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General Advice for Factoring Polynomials By Patrica Hensley - Jefferson Davis Campus

  1. Always factor out the greatest common factor first.
  2. If the polynomial to be factored is a binomial, then it may be a difference of two squares or a sum or difference of two cubes (remember that a sum of two squares does not factor).


  3. Two terms

    Difference of Squares

    Sum of Cubes

    Difference of Cubes

    x2 y2 = (x y) (x + y)

    x3 + y3 = (x + y)(x2 xy +y2)

    x3 y3 = (x y) (x2 + xy +y2)

    Ex. 4x2 9 = (2x 3)(2x + 3)

    Ex. 8y3 + 27 =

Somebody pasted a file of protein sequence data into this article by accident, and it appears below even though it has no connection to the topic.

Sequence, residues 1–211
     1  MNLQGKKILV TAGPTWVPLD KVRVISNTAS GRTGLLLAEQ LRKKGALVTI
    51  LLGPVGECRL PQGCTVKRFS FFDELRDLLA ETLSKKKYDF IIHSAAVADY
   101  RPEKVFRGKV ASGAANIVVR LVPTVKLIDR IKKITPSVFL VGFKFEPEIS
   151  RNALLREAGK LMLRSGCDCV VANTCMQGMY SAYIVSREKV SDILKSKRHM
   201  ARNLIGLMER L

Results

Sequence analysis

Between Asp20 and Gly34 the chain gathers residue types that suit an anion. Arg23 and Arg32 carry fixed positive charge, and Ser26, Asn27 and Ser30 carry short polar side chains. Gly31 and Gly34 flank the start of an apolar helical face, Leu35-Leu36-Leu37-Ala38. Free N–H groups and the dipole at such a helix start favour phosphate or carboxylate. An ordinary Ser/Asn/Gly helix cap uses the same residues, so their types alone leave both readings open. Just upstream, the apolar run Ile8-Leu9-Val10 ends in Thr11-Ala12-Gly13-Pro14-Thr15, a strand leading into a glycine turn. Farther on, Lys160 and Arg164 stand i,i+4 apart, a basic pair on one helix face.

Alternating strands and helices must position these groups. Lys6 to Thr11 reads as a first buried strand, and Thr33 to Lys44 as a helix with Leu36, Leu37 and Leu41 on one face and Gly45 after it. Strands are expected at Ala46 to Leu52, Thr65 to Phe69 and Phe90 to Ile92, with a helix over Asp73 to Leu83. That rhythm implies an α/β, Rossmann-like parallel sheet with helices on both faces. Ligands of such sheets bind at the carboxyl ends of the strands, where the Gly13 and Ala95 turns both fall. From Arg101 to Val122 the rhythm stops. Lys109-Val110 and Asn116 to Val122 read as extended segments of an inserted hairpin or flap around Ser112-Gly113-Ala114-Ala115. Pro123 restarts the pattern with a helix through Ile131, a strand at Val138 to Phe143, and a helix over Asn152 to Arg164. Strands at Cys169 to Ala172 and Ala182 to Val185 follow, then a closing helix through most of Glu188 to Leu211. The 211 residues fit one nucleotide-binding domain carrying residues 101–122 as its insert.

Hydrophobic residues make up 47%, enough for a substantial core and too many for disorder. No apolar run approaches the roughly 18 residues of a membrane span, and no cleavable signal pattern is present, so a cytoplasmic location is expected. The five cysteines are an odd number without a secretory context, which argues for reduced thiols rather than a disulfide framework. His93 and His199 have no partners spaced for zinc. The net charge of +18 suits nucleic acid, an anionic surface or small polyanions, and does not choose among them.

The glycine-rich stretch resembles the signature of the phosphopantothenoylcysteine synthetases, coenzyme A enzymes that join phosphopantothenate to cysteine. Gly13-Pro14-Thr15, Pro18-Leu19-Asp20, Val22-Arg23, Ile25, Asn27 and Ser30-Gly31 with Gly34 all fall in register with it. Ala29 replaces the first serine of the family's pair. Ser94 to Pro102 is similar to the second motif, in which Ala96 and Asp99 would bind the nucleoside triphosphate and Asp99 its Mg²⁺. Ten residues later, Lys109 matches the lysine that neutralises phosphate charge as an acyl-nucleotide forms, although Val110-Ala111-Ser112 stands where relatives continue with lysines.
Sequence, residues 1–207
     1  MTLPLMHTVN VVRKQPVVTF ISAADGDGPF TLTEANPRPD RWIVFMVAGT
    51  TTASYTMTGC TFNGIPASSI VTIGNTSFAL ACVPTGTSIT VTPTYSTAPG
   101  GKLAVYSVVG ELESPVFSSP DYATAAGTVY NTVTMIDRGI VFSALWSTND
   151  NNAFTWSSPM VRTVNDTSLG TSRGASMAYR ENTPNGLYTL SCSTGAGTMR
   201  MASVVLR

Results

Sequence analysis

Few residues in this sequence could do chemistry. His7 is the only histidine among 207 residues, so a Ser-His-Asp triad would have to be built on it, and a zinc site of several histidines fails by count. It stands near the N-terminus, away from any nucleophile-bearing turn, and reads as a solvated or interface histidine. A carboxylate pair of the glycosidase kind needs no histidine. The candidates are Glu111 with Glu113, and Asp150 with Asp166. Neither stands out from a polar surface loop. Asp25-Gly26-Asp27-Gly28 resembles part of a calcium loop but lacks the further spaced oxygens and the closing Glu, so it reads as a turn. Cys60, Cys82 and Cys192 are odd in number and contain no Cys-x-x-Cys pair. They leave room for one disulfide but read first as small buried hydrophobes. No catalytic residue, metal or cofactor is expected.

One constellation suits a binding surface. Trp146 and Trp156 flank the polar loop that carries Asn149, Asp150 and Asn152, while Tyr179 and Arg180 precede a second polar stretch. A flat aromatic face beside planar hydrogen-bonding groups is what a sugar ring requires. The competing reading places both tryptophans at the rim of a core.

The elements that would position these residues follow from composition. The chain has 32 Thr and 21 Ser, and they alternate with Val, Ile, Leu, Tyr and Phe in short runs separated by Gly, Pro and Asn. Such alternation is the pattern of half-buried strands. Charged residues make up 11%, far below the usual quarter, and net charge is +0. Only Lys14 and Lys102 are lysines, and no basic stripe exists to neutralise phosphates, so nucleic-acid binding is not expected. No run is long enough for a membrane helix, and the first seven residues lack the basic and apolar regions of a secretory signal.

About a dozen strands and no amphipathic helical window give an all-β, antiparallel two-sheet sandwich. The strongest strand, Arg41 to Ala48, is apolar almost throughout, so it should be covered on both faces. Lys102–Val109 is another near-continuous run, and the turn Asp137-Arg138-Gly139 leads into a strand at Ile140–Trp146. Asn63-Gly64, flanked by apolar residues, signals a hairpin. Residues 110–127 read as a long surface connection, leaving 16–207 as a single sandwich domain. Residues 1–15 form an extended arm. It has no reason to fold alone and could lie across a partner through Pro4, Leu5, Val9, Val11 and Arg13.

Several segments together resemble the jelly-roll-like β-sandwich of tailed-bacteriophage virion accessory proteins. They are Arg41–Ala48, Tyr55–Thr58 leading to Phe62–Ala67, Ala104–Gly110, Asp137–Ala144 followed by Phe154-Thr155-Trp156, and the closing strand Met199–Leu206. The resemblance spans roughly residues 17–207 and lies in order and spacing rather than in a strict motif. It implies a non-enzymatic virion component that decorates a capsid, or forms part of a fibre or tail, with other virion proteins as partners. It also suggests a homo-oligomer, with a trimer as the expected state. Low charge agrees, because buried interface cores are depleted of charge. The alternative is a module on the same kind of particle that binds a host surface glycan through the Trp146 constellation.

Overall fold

(2y + 3)(4y2 6y + 9)

    Ex. 216x3 125 =

    (6x 5)(36x2 + 30x +25)



  4. If the polynomial to be factored is a trinomial, then
    1. If two of the three terms are perfect squares, the polynomial may be a perfect square.
    2. Otherwise, the polynomial may be one of the general forms.


    Three Terms

    Perfect Square Trinomial

    Trinomial

    x2 + 2xy + y2 = (x + y)2

    Ex. 36x2 + 60x +25 = (6x + 5)2

    ax2 + bx + c

    Ex. 6k2 + 5kp 6p2 = (3k 2p)(2k + 3p)

    x2 2xy + y2 = (x y)2

    Ex. x2 6x + 9 = (x 3)2

     


  5. If the polynomial to be factored consists of four or more terms, then try factoring by grouping.
  6. Four Terms

    May factor by grouping

    Ex. 10ab 6b + 35a 21 = 2b(5a 3) + 7(5a 3) = (5a 3) (2b + 7)

     

    5. Can any factors be factored further?